An opaque slick of secrecysurrounds the controversyover India's payment for the crude it importsfrom Iran. The Reserve Bank of Indiastopped facilitating payments from December last year, following the US sanctions against Iran imposed a few months earlier.Indian officials are markedly reluctant to discuss the matter, while theIranian embassy turned down repeated requests for comments.
The two countries have held several rounds of talks to solve the problem, butmade no headway. At the end of the last fruitless two-day negotiation in May,the Indian government put out a bland media statement saying: "Both sidesagreed to continue their engagement in the matter."
But an Indian diplomat familiar with the talks hinted India was looking at the viability of diffusingpayment to Iranthrough a variety of currencies and institutions to sidestep the constraints.There are strong indications that Iran continues to supply oil asbefore, though there is no official confirmation.
No official word on how much Indiaowes Iran is available, butknowledgeable estimates put India'soutstanding for the past three months alone at over $4 billion or around Rs18,000 crore. A Deutsche Bank report suggests that the growth in India's oilimports in recent months has been modest precisely because Indian officials areaware of this mounting debt which will have to be repaid at some point - andperhaps at short notice.
There is little in India-Iran trade besides oil. Oil imports made up $10.19billion, or 88 per cent of India'stotal imports of $11.54 billion in the financial year 2009/10, according to theCommerce Ministry. But if Indianeeds Iran's oil, Iran, too, needs India. Indiais one of its biggest buyers, with about 10 per cent of Iran's dailyoil production being earmarked for it. Hydrocarbons in turn contribute 25 percent to Iran'sgross domestic product.
ANALYSIS: Challenges that plague the oil world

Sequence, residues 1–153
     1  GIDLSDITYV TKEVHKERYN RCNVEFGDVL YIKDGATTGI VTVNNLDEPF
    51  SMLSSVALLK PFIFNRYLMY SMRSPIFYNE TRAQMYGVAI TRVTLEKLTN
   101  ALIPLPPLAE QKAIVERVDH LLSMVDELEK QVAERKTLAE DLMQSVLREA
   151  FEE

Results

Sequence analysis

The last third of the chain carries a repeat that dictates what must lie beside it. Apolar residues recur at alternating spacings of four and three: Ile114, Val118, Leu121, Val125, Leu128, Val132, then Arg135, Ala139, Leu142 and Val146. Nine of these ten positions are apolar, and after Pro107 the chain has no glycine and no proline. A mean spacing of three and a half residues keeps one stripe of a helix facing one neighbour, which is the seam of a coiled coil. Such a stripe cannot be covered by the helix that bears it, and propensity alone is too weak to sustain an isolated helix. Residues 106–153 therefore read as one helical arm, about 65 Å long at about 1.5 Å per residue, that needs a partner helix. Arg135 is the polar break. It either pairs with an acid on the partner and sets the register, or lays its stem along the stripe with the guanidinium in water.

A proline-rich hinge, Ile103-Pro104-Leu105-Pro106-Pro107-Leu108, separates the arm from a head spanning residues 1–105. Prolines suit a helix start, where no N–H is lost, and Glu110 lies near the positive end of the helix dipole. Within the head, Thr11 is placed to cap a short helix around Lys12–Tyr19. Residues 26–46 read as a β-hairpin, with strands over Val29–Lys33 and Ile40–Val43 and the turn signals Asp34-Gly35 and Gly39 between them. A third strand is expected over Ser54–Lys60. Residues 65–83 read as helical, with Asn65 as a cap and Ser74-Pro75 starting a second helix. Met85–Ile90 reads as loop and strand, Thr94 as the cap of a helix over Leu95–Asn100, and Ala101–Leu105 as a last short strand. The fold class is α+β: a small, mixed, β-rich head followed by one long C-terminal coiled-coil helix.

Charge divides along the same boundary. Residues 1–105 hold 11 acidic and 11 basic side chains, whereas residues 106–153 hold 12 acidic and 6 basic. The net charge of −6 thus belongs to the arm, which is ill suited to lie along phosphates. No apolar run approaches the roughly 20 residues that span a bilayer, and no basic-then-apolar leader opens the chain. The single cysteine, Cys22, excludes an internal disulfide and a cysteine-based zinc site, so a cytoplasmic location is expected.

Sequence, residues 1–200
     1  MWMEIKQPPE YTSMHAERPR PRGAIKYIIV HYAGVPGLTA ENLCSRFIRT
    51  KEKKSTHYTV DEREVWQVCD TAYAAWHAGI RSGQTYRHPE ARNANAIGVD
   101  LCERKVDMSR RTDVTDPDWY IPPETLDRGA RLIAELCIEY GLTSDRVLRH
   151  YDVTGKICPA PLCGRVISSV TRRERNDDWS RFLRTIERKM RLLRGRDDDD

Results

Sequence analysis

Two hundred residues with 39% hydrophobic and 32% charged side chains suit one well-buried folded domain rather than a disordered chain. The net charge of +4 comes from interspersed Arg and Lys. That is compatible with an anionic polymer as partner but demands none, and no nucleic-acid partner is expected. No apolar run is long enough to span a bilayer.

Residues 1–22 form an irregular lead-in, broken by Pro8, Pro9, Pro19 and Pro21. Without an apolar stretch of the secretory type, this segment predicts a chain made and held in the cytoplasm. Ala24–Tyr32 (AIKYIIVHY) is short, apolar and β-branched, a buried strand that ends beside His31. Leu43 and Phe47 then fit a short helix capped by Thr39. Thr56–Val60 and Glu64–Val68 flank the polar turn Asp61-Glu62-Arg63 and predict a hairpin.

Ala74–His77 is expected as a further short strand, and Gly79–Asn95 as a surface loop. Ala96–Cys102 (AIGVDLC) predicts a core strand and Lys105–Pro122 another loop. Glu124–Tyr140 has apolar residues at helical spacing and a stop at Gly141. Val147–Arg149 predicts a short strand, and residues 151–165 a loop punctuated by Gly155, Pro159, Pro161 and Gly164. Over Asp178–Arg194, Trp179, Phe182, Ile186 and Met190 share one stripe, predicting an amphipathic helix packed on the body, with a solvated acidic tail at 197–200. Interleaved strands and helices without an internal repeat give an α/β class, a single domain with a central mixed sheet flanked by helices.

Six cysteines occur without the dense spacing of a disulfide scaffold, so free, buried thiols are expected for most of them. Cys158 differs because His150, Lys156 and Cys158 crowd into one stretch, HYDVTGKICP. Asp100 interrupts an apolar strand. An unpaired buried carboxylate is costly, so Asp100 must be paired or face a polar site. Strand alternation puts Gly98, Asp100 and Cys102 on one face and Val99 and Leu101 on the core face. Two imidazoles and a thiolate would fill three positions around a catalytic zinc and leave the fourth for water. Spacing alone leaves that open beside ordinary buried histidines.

Strangely neither the stakeholders nor analysts appear unduly concerned aboutoil supply from Iranbeing disrupted. MRPL, the biggest importer, which brings in around 7 milliontonnes annually, recently paid an advance tax of Rs 97 crore for the April 1 toJune 15 period, which was 45 per cent higher than what it paid for the sameperiod last year. The advance tax paid is a pointer to company expectations forthe current financial year, and MRPL seems to have no worries of a suddencrisis throwing its financials out of gear. It also continues to get thehighest - or triple A - rating from credit rating agency ICRA.
Analysts are just as insouciant. While acknowledging the mounting bill, theynote that even if the supply of Iranian crude to India is disrupted, there arealternative sources.
"Saudi Arabiacould export to India,"says Ali Al-Saffar, Economist-Middle East at the Economist Intelligence Unit, London. "It willhave to double its current exports to India,adding an additional 400,000 barrels a day to make for the lost imports from Iran."
K. Ravichandran, Senior Vice President and co-head, Corporate Ratings, ICRA,echoes Al-Saffar. "In a worst case scenario, Saudi Arabia or Kuwaitcould step in," he says. "Crude markets are very liquid at themoment."
But the matter is not so simple. Iranian crude has high sulphurcontent, and is categorised as sour crude. The refineries processing it arerelatively inflexible and geared to handling sour crude alone. They are notequipped to switch from one kind of crude to another. Al-Saffar, however, saysSaudi crude is not very different in quality from that of Iran.
Coming down hard
In July 2010, after the United Nations called for more sanctions against Iran for pursuing its uranium enrichment programme, the United States passed the Comprehensive Iran Sanctions, Accountability and Divestment Act. It called upon all other countries to impose similar sanctions. Iran called the sanctions 'illegal and invalid'. The Act prohibited
Some experts, unwilling to be named, also note that the complete silence ofboth the Indian and Iranian governments suggests there may be a lot to the oiltrade between the two countries that is not in the public domain.